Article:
FRANCOIS POMPON ( 1855 - 1933)
Born 9 May 1855, in Saulieu; died 6 May 1933, in Paris.
François Pompon?s father was a cabinet maker in Saulieu, Burgundy. He taught him his trade and placed him with the local marble mason to learn stone-carving before sending him to École des Beaux-Arts in Dijon.
In Dijon, he studied architecture and sculpture under Dameron as well as the rudiments of engraving under Célestin Nanteuil. He produced at that time several engravings in the style of Watteau. In 1874, the recipient of a local award, he set off for Paris where he continued to learn and lived from his trade. He set up shop in Paris in the Rue Campagne-Premiére and formed connections with the developers who were transforming Paris at the time of Napoleon III. By providing decorative figures for façades and caryatids for the Hôtel de Ville, Pompon perfected his technique in the work-place. In the evening, he attended the local art school studying under Aimé Millet and Caillé, and meeting wildlife sculptor Rouillard who encouraged him. His talent was first spotted by Mercié, author of the Gloria Victis, whose assistant he became before working for Falguière and finally Rodin with whom he remained for 15 years.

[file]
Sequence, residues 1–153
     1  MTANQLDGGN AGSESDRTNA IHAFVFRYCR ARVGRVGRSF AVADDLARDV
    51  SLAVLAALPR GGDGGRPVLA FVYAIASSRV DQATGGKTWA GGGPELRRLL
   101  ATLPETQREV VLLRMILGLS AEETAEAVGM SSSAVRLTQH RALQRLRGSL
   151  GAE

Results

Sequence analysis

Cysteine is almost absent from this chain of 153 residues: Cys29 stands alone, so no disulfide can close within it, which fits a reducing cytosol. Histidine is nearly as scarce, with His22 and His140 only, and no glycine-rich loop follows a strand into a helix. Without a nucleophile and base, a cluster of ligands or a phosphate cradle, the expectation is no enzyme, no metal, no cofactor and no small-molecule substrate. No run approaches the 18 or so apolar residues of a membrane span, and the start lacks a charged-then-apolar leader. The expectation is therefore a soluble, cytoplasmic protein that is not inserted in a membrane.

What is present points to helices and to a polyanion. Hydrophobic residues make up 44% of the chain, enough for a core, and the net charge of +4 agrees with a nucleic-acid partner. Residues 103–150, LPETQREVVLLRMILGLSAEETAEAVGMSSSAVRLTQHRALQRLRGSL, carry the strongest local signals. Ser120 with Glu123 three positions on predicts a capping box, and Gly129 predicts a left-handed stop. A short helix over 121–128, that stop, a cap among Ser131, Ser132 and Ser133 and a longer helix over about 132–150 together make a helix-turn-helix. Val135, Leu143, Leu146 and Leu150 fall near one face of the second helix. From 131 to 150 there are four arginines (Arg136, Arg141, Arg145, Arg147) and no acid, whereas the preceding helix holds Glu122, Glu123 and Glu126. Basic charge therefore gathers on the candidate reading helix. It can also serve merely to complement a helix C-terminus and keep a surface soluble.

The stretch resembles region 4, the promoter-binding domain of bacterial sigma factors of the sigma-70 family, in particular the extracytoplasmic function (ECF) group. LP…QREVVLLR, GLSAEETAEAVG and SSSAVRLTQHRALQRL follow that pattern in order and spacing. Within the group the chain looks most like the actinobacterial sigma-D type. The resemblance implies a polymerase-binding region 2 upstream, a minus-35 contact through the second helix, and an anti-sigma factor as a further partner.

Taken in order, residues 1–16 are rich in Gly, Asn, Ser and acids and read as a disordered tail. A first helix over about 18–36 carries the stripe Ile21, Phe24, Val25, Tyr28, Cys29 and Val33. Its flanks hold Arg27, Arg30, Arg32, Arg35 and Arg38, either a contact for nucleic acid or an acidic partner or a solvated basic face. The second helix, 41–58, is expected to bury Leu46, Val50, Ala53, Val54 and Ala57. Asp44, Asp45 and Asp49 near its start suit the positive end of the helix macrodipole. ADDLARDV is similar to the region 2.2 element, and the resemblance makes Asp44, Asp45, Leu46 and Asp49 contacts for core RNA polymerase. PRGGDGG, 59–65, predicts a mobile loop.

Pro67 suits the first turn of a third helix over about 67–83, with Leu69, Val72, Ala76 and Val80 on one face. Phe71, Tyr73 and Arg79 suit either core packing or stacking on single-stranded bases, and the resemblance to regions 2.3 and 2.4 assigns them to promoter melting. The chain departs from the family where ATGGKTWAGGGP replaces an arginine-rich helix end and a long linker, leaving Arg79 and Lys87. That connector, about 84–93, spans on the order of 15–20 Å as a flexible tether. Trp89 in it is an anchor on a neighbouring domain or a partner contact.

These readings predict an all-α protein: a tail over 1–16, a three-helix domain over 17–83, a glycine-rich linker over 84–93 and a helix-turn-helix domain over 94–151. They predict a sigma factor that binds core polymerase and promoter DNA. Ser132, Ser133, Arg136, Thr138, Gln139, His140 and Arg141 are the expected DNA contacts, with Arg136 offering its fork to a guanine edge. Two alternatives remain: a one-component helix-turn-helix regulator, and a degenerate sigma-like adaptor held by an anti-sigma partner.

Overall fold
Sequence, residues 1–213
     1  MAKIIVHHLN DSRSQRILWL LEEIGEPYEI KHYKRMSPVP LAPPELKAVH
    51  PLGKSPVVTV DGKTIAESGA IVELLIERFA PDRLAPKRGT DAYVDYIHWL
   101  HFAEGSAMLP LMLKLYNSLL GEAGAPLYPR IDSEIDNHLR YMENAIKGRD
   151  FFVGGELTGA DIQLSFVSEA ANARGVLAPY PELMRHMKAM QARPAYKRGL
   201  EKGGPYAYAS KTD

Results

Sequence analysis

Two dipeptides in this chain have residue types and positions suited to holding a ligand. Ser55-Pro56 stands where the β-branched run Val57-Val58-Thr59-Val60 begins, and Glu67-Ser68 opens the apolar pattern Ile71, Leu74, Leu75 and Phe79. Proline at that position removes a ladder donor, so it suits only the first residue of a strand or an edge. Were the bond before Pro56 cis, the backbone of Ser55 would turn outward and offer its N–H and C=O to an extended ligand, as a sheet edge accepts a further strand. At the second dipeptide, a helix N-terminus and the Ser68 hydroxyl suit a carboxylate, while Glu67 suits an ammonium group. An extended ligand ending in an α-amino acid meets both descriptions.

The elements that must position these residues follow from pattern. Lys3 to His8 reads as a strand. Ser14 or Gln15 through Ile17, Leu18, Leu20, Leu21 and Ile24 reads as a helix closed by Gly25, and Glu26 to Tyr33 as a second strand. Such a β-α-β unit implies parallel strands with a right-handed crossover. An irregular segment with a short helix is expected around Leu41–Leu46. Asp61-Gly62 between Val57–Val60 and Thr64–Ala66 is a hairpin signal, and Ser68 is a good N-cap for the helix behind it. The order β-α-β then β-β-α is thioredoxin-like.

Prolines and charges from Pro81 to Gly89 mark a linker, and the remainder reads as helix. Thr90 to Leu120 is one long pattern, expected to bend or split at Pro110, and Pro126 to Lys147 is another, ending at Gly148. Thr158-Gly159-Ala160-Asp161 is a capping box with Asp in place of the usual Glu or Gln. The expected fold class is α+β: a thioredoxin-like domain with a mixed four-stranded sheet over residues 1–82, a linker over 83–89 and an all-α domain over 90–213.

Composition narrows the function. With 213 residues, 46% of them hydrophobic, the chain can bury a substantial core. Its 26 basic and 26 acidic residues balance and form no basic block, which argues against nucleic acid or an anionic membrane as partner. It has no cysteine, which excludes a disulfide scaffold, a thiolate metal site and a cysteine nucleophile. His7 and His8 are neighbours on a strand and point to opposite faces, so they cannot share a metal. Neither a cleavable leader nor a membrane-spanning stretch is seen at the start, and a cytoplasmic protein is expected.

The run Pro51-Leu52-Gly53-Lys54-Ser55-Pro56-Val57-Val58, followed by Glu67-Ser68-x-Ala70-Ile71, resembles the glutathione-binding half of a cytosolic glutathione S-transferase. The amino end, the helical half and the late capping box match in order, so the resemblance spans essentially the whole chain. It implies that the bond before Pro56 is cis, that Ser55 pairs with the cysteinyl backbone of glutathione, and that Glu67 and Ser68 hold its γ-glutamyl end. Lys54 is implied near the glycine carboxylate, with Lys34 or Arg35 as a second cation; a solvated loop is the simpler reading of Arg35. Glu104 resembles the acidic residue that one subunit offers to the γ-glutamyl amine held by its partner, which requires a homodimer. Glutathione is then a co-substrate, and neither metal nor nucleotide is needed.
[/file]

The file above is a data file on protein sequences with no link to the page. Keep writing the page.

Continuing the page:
In his work, shape and form came second to light which Pompon celebrated through the finish of his surfaces. So unable to render the whiteness that had so struck him in a goose, to make it white, he played with the bird?s reliefs, causing them to lose depth and achieving a balance of masses dictated by light. When Rodin, his mentor, was shown the work in 1908, he said: ?You will be a great artist?. Pompon continued to sculpt for others until 1914, while pursuing his own work in his tiny workshop. Pressed by his commercial activity, he rarely had time enough to sculpt the human face, but he has left a few figures, including one of his wife. Recognition came in 1922 with Polar Bear. He used to go to the botanical gardens in the morning to sketch, and concentrate on the final version in his workshop in the afternoon. Colette wrote an article about him and Robert Rey, head of the École des Beaux-Arts, an important book. His Stag, and Pelican date from that time. The Bull commissioned by the city of Paris would be his last work.
He featured in various Paris Salons including the Salon des Artists Français where he showed Cosette, a character from Les Misérables; Salon d?Automne with White Bear (1922). In his will François Pompon gave the 300 pieces of his work to the French State; these were first housed in the Musée Pompon at the Jardin des Plantes before being transferred to the Palais des Ducs de Bourgogne, Dijon.
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